By Tony Muhammad
“My war cry over break beats/Eating a bean pie reading up Muhammad Speaks/Teaching em’ up through flows, snares and samples/Showing them a better way and lead by example.” – Jahi of PE 2.0
The above lyrics by Jahi of PE 2.0 in the song “Spread The Words” (also featuring Jasiri X) on Chuck D’s new album The Black in Man signify connections that many believe to be long lost to Hip Hop culture today; connections that have existed since its inception. Those are Islam and, in general, Black consciousness.
In his book In The Name of Allah: A History of Clarence 13X and the Five Percenters, Wakeel Allah notes how many of the youth that belonged to the various street organizations in New York City throughout the 1960s would routinely visit
Muhammad Mosques under the leadership of The Most Honorable Elijah Muhammad. Through the influences of the hard teaching of ministers such as Malcolm X and The Honorable Minister Louis
Farrakhan, many of them would pick up and frequently use the
common colloquialisms used in the Nation of Islam. Among the most popular is the phrase “Word is Bond” which is derived from a question asked by Master Fard Muhammad and the answers given by his student, The Most Honorable Elijah Muhammad found in Lost Found Muslim Lessons No. 1 in The Supreme Wisdom of The Nation of Islam.
- Have you not learned that your word shall be Bond regardless of whom or what?
Answer: Yes. My word is Bond and Bond is life, and I will give my life before my word shall fail.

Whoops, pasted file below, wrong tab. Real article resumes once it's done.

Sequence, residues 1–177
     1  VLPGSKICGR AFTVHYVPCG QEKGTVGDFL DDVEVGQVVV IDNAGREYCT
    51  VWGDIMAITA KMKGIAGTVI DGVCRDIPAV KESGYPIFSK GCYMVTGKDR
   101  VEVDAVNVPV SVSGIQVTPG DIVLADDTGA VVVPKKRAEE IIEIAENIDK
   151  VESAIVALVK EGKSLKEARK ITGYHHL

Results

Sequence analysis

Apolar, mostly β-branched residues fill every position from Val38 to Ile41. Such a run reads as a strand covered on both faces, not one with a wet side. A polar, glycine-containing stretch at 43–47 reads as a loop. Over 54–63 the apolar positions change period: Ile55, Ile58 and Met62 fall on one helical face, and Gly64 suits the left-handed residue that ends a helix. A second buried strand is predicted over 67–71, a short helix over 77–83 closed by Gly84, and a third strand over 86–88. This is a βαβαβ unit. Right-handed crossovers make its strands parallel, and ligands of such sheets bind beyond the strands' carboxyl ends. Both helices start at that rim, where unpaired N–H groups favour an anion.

By the late 1960s, through the influence of Clarence 13X and The Nation of Gods and Earth, the language of Islam itself would become more widespread among the youth in New York City. Likewise mimicked would be the mannerisms exhibited by The Fruit of Islam (the military training of men in The NOI), particularly while they held security post; a posture commonly held by Clarence 13X, Justice and others in The Nation of Gods and Earth. When Afrika Bambaataa was putting an end to the warfare between street organizations in the South Bronx, these elements, along with The Teachings of The Most Honorable Elijah Muhammad, would become integral part of Hip Hop culture. Hip Hop as a cultural and musical expression would ultimately spread throughout the country and throughout the world. Everywhere Hip Hop has spread these Islamic expressions have followed. They would dominantly shape and mold the cultural expression for over 30 years. The FOI security stance would become known as the ever popular intimidating pose that rival Breakers and Emcees would give to one another; “The B-Boy Stance.” The lyrics of Hip Hop artists throughout the 80s and the 90s would become pregnant with the common phrases used in The Nation of Islam and The Nation of Gods and Earth such as “Word is Bond” as well as The Teachings of The Most Honorable Elijah Muhammad themselves through artists who themselves have been inspired by or actual members of either The Nation of Islam or The Nation of Gods and Earth. The enormous list of such artists include The World Famous Supreme Team, Public Enemy, Big Daddy Kane, K-Solo, Gang Starr, Group Home, Lakim Shabazz, Rakim, Poor Righteous Teachers, Paris, Kam, Brand Nubian, Ice Cube, Nas, Digable Planets and The Wu-Tang Clan among many others. Artists would also typically include samples of lectures by Malcolm X, The Honorable Minister Louis Farrakhan, Dr. Khalid Abdul Muhammad, Student Minister Ava Muhammad and other ministers in the Nation of Islam.